Paul’s story is an interesting one since it combines extensive world travel and an interesting life journey – a deliberate switch from a successful career in the heart of Hollywood to a quieter life in Toronto. Paul Teolis and I linked up recently some time after a seminar he taught on travel photography at the G.A.P concept store in Toronto’s Annex.
I really enjoyed connecting with Paul and seeing another individual on an interesting life path away from the fast life towards a more meaningful, fulfilling way of living and a slower pace. I am delighted to say that Paul will also be sharing some of his travel photography techniques with us in a future article as well. Here is Paul Teolis, sharing his insights about life and work in Hollywood, about travel and his new life in Toronto.
1. Please tell us a bit about your background.
Okay, where does one begin. I attended Sheridan College from 1983 to 1987, completing both Art Fundamentals, the college’s fine arts program, and then Classical Animation. I got my legs working in special effects animation at a lot
of small Toronto studios jumping between live-action commercials and then moving into the more traditional environment of animated cartoons, mostly
I took a year off in 1994 to explore the growing and still small world of computer animation as I saw change happening within the industry and wanted to make sure I could benefit from it. I ended up being recruited to work for DreamWorks in early 1995, when Steven Spielberg launched the studio and moved to Los Angeles, so everything paid off big for me in the end. Good timing and perseverance went my way for a change.
The next 7 years in California were easily career highs and career lows within the world of animation. It was a boom-bust period in our business due to the failure of some very expensive films and Computer Animation was the new flavour for studio heads. So finding my contract with DreamWorks over after 4.5 years, and being in a position to not have to work I explored other opportunities in Los Angeles as I
reinvented myself. Photography and writing were at the top of my list, so I did some more travelling, got my work stronger and tried to see if I could make a go of it. I went to UCLA for some journalism courses to better understand travel writing and took a break from animation.
It wasn’t until I returned to Toronto in late 2002 that all this work would begin to pay off…yet again.
2. You have travelled extensively, to about 30 countries on 6 continents. What are some of the places you covered?
I began travelling in 1993 and hit my 6th continent in 2005 which was Antarctica. I was traveling every 12 to 16 months. How I chose a destination depended on which way the wind was blowing. Every time I decided I wanted to do a certain region I ended up going the furthest from it. With Australia looming as my last continent to set foot on, and I’m not in a rush either, I am happy returning to Asia and South America which to me are very rich cultures in their own ways.
I am conscious of what a region is photographically which is why I went to Namibia and Botswana, and I love ruins, so central America gave me my Mayan fix. Vietnam, Mongolia and Antarctica are by far my most favourite destinations.
3. What type of travel do you generally do?
Any kind..I love road trips. I have explored a lot of Canada and the United States by road usually for stretches of a month or so. Internationally I have done some heavy hiking in Borneo which was pretty down and dirty. In Africa I camped, across four countries, the rest is pretty much just getting into the local culture and their way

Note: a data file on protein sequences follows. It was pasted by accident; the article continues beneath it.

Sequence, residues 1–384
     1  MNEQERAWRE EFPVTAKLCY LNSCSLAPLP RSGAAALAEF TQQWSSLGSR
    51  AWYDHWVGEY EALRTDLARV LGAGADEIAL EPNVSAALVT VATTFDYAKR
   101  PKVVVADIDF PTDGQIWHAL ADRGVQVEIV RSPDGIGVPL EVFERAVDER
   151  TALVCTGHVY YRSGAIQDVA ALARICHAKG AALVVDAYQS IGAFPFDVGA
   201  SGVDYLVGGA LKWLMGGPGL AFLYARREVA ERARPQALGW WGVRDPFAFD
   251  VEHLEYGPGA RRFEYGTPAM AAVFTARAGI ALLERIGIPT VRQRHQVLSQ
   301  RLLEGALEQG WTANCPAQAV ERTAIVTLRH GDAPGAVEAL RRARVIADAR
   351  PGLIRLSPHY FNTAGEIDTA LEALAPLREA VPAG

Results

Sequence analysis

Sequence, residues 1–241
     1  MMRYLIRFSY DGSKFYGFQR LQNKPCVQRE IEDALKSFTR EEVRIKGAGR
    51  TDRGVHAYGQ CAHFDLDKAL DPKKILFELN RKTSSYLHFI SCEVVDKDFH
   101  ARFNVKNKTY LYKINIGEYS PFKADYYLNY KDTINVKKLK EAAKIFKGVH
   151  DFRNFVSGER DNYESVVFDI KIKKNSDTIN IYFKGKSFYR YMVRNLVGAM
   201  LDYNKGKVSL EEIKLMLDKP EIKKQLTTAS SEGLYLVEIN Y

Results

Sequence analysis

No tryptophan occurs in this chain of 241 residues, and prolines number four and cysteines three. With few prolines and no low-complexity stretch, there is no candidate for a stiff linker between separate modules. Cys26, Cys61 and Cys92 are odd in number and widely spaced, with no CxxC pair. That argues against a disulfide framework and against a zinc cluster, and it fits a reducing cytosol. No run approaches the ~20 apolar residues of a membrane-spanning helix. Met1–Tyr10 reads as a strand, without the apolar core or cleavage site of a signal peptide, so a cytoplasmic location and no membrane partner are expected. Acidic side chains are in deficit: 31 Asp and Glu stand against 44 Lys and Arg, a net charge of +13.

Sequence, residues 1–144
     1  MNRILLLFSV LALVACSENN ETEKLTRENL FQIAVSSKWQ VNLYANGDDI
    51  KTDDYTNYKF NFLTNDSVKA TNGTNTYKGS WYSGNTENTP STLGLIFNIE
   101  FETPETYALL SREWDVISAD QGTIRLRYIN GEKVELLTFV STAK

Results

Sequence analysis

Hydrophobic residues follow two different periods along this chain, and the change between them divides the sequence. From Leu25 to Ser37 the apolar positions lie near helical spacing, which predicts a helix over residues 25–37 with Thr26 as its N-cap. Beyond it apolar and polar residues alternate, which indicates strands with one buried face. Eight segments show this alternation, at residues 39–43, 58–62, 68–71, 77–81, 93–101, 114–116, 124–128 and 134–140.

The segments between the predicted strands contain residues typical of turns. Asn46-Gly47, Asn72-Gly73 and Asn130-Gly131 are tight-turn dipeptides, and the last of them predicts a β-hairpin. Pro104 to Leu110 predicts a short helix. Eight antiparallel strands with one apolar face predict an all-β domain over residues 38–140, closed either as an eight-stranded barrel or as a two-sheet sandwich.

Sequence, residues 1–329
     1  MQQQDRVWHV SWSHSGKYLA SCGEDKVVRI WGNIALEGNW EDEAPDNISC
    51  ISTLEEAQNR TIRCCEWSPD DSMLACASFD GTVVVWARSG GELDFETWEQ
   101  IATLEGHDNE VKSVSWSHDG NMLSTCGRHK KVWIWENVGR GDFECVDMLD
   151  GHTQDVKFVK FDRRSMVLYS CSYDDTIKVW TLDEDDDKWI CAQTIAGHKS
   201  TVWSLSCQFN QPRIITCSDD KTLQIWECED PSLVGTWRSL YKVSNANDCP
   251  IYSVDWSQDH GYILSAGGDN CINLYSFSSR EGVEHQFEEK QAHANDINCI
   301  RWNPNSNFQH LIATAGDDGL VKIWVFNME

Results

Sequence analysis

of doing things. I avoid resorts, 5 star chain hotels, eat with the locals stay local and you will enjoy yourself far more than through the window of a tour bus.
4. Why have you travelled so much with G.A.P Adventures?
I discovered GAP Adventures in 1993 when they were small and very much on the fringe of eco & sustainable travel. I got hooked with their style of travel from the start and have stayed with them since because of their philosophy. I generally don’t have much time to plan my travelling and frankly prefer to travel with like minded people. I became good friends with Bruce Poon Tip, GAP’s owner and CEO, and over the years many of their trek leaders as well. I guess you could say I am a bit of a GAP groupie!
5. Please tell us more about your trip to Mongolia and Pakistan. What struck you about this experience?
I did a long Silk Road trek with Bruce of GAP and some of his friends, I think we were 5 in total. Overland from Beijing to Islamabad Pakistan, through Mongolia. This trip was an exposure to two very different religions for me; Buddhism and the teachings of Islam. Mongolia has to be one of the most beautiful places I have ever been. It’s remote, had few tourists and frankly more livestock than people. It was my first exposure to a people who are still nomadic. Living off the land and moving with the seasons. The few remaining monasteries in the country are stunning architecturally, but very remote and hard to get to.
There is no greater experience than sleeping in a traditional Yert, (a large circular home) in the steppes and be woken up by herds of sheep and goats grazing
outside your door.Entering western China to cross into Pakistan you don’t feel like you are in China at all. The market in Kashgar is incredible. And because the region borders many of the “stans” the influence is incredible. Mosques instead of monasteries and writings in several languages over every store front.
Pakistan in 1998 was a very different region than today. The civil wars still raged in Afghanistan, the Taliban ruled that country, you saw lots of refugees in areas like Peshawar. It was a bit of an eye opener. Beautiful people, and the Hunza Valley
in Pakistan is nothing short of breathtaking.